Plans have emerged for a major new Christian heritage walking trail, stretching from Upper Lough Erne in Fermanagh to Bangor in North Down.
The 266-mile route has the working title The Way of the Saints, passing through the four counties of Fermanagh, Tyrone, Armagh and Down.
The plan is to attract visitors looking for active holidays with a cultural component, and to develop “pilgrimage walking” such as that found at Spain’s Camino de Santiago and at many other trails across Europe.
The trail would highlight Northern Ireland’s ancient heritage, including major Neolithic and early Christian sites along the way.
It aims to integrate the itineraries of a possible Northern Ireland stage of a Columban Way in the Ards and North Down and Fermanagh and Omagh boroughs; the St Patrick’s Way in Armagh, Banbridge and Craigavon and Newry Mourne and Down boroughs; and the Sliabh Beagh Way, through Fermanagh and Monaghan.
A feasibility report was commissioned by Tourism NI and the four councils and was warmly received at last week’s Regeneration and Development Committee of Ards North Down Council.
Councillors said they should push ahead with the section of the trail within the borough, regardless of what other councils decide to do with the project.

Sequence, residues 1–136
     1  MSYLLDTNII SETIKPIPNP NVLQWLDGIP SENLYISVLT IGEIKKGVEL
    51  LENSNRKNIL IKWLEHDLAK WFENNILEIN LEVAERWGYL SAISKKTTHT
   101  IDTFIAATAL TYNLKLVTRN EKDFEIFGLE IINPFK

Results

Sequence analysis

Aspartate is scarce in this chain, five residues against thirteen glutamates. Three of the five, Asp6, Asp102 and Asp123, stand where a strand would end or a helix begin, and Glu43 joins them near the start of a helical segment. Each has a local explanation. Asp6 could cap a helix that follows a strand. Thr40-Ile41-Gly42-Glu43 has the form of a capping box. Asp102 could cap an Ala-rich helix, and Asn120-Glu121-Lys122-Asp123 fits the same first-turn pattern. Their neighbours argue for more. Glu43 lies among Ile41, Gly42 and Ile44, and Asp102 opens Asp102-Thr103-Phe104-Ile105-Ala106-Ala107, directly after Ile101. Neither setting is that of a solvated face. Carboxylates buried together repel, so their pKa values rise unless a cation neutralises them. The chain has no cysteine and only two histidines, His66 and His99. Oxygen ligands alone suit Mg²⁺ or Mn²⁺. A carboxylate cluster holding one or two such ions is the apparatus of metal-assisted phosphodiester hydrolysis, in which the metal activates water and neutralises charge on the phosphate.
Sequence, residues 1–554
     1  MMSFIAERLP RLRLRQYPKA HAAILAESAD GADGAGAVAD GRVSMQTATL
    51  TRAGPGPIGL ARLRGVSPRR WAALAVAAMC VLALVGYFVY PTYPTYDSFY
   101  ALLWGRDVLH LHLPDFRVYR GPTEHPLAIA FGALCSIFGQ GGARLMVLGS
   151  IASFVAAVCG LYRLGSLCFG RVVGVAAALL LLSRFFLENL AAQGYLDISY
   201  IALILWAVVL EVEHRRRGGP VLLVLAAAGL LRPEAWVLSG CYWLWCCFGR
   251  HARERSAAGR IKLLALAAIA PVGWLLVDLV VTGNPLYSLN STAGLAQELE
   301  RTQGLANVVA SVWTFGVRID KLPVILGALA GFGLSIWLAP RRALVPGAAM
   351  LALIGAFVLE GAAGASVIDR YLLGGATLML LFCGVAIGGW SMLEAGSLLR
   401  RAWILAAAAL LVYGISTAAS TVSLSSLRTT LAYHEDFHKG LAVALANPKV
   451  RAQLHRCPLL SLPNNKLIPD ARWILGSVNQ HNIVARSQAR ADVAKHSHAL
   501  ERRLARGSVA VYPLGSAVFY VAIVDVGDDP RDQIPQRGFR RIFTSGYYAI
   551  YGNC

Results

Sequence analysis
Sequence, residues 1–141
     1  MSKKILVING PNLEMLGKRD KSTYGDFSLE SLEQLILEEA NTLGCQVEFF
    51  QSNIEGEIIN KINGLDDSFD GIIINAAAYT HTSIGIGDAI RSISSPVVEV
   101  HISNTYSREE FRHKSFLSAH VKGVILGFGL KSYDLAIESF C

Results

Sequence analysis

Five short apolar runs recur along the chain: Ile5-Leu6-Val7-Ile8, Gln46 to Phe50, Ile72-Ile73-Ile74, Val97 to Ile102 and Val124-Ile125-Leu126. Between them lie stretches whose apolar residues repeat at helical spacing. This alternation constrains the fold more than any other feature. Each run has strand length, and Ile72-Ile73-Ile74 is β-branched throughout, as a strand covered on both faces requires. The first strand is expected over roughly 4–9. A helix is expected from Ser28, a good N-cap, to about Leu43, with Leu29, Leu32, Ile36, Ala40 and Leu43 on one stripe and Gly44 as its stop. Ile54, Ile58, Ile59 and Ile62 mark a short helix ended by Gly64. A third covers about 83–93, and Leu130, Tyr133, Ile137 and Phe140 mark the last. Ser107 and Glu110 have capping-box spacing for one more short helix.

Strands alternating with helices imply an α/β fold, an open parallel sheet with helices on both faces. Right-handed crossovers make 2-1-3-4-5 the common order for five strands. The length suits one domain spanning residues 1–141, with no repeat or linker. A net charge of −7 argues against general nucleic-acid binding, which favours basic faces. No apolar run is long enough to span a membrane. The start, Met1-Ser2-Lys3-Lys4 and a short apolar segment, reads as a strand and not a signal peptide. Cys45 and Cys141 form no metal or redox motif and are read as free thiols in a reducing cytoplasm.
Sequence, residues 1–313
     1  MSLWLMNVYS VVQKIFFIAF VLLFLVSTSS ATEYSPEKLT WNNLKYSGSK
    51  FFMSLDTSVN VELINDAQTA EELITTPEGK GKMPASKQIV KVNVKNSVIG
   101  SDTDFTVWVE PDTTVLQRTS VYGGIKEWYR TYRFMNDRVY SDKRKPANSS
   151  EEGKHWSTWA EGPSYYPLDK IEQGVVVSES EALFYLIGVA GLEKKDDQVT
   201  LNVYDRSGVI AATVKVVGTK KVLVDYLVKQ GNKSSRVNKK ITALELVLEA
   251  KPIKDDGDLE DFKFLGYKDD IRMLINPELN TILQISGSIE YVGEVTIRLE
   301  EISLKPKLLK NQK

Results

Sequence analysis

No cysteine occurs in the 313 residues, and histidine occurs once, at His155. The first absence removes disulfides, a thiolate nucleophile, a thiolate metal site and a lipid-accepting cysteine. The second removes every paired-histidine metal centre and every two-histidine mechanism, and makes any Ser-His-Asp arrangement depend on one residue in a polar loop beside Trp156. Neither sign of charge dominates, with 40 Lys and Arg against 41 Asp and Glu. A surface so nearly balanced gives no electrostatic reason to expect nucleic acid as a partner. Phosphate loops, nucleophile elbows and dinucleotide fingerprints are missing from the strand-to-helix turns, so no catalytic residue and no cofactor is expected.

Councillors agreed that the whole length of the trail should be called The Columban Way, given the popularity of heritage trails dedicated to Saint Columbanus across Europe and in the Republic of Ireland.
The European Columban Way is a pilgrims’ route which traces the footsteps of Columbanus, the Irish monk, from Mount Leinster where he was born in 543AD, through eight European countries, to Bobbio in Italy where he died in 615AD.
Columbanus left home to study at Lough Erne, then moved to Bangor Abbey, where he lived for 20 years, before gaining permission to spread the word across Europe. He founded a number of monasteries across the Frankish and Lombard kingdoms.
Ards and North Down councillor Deborah Girvan, who has worked extensively with Columban Way partners across Europe, said there was “huge potential” if it was marketed correctly.
She said: “Columbanus is much better known in Europe than he is in Northern Ireland, and he is quite well known in the Republic of Ireland. Bangor stands to be one of the key centres on this pilgrimage.
“In these Covid times, people are looking for outdoor activities and tourist attractions, and pilgrim routes are huge in Europe.”
She added: “We have two basic things that are missing. Firstly the education — people don’t know about him, and secondly, the infrastructure. We don’t have enough safe places to walk, and that is why our green strategy is going to be incredibly important to this project.
“We have an amazing Christian heritage in our area.
“What people don’t seem to realise, and this is where education comes in, is the incredible impact that Columbanus had on Christianity in Europe, in Ireland, and ultimately across the world.
“The Republic of Ireland has already put a substantial amount of money into this. These routes are mapped out. People are walking them in France and Switzerland and Austria. The only place that has nothing for people is Northern Ireland.”